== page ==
Created by the union of the Austrian Empire and the Kingdom of Hungary in 1867, Austria-Hungary was a quintessential multilingual empire. The empire was an amalgamation of 11 different ethnic groups that lasted until 1918 as World War I ended. After the Holy Roman Empire ceased to exist in the early 19th century, Austria-Hungary inherited the mantle as the largest Catholic-led empire. The empire’s Catholic character and affection of the people for longtime Emperor Francis Joseph were some of the factors that kept the empire together for 51 years. Even so, rising nationalist fervor among ethnic groups began to cleave Austria-Hungary even before the start of World War I. After the polyglot empire dissolved, Austria and Hungary became separate republics, and the new nations of Poland, Czechoslovakia, and Yugoslavia were created.
Founded in 1918 at the end of World War I, Czechoslovakia, a former Central European nation, comprised the former lands of Bohemia, Moravia, and Slovakia. The political union was possible because these regions had similar languages, religion, and culture. Between the world wars, the country became one of Central Europe’s most politically stable and prosperous states, functioning as a parliamentary democracy. From 1938-1945, Czechoslovakia was under Nazi rule, and from 1948-1989, it was controlled by the Soviet Union. A peaceful “Velvet Revolution” brought communism to an end in Czechoslovakia in 1989. By 1990, the country had held its first free elections, but disagreements between Czechs and Slovaks grew. The parliament peacefully dissolved the sovereign state in 1992, agreeing to separate the country into the Czech Republic and Slovakia starting in 1993.
3. Confederate States of America
The Confederate States of America, all located in the South, lasted from 1861 to 1865. The states broke away from the United States after Abraham Lincoln was elected president in 1860 because of disputes over the issues of states’ rights and slavery. Jefferson Davis was the president of the Confederacy. The Confederate constitution supported the institution of slavery but not the African slave trade. There were 11 states in the Confederacy, which fought the Union in America’s bloodiest war that claimed the lives of 750,000 people. The Confederacy was never formally recognized as a sovereign nation, although Great Britain considered recognition during the Civil War. The Southern economy, much of which was based on the plantation system and was largely agrarian, was devastated. The war settled the issue of slavery, but the struggle to attain full rights for freed slaves would continue well into the 20th century.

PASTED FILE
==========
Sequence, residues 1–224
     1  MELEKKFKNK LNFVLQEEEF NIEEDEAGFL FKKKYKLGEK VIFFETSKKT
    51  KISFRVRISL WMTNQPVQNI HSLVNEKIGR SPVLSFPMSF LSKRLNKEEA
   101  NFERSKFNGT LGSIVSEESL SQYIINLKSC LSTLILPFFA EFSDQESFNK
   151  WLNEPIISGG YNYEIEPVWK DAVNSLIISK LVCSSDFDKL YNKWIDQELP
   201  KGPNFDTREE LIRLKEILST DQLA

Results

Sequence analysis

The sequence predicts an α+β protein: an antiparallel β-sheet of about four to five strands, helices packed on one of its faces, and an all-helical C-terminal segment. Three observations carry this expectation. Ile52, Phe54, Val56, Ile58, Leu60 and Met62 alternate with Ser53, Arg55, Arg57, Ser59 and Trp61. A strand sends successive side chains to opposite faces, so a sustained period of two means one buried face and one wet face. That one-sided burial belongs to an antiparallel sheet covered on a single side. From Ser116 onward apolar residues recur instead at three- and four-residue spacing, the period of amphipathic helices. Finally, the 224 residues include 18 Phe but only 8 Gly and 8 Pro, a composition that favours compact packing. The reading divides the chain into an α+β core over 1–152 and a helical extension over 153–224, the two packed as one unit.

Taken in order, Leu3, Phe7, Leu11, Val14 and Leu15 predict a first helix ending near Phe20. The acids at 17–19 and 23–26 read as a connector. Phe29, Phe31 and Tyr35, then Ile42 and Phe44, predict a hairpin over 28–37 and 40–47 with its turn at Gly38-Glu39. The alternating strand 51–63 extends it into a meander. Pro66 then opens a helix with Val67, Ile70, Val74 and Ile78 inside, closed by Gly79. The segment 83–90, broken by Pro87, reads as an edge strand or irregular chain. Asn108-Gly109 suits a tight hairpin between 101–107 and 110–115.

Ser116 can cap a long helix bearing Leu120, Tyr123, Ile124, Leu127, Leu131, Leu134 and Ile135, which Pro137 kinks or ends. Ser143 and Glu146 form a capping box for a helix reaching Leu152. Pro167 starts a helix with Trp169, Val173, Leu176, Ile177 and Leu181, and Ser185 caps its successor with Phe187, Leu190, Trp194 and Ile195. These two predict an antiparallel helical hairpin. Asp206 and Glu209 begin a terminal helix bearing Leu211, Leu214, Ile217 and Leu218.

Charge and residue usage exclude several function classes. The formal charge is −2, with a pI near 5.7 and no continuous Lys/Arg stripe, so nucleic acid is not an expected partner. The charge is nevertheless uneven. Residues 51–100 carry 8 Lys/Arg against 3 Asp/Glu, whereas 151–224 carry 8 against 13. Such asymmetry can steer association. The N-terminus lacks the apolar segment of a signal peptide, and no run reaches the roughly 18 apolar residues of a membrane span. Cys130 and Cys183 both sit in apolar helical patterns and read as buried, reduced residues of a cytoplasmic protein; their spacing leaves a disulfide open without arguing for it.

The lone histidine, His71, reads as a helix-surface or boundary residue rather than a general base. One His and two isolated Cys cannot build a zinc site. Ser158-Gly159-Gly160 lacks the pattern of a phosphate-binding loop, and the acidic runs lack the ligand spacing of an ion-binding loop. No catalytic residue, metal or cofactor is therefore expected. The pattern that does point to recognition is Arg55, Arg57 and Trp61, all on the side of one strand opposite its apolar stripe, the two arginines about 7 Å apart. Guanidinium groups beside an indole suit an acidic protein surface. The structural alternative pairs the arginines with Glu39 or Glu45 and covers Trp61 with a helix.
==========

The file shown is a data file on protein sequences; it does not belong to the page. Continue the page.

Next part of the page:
4. East Germany
The Democratic Republic of Germany, or East Germany, was created in 1949 after World War II as the Allies agreed to divide Nazi Germany, including the capital Berlin. East Germany lasted until 1990. The nation functioned under a socialist command-economy system and was dominated by the Soviet Union, which had conquered that part of Germany during World War II. It remained under Soviet influence essentially as a satellite state. East Germany was half the size of the Federal Republic of Germany, or West Germany, and its economy paled in comparison with its western counterpart, which had become independent from the western Allied powers. Many East Germans tried to flee to the West to escape economic and political repression and were either arrested or killed attempting to do so. A year after the fall of the Berlin Wall in 1989, East Germany ceased to exist and two Germanys were reunited.
5. East Pakistan
Despite existing for barely 17 years, East Pakistan had known much turmoil. Occupying the land of Bangladesh today, the country’s first constitution replaced what was until then British rule with an Islamic republic. Not long after, however, martial law was enacted for several years following a coup d’etat. Eventually, a movement aimed at restoring democracy gained enough support, and in 1970 Pakistan held its first federal general election. The party that won the majority of the seats won all of its seats in East Pakistan but failed to gain one seat in West Pakistan. This led to Bangladesh (East Pakistan) declaring independence from Pakistan and to a nine-month long Bangladesh Liberation War and the 1971 Bangladesh genocide — and finally to the creation of Bangladesh.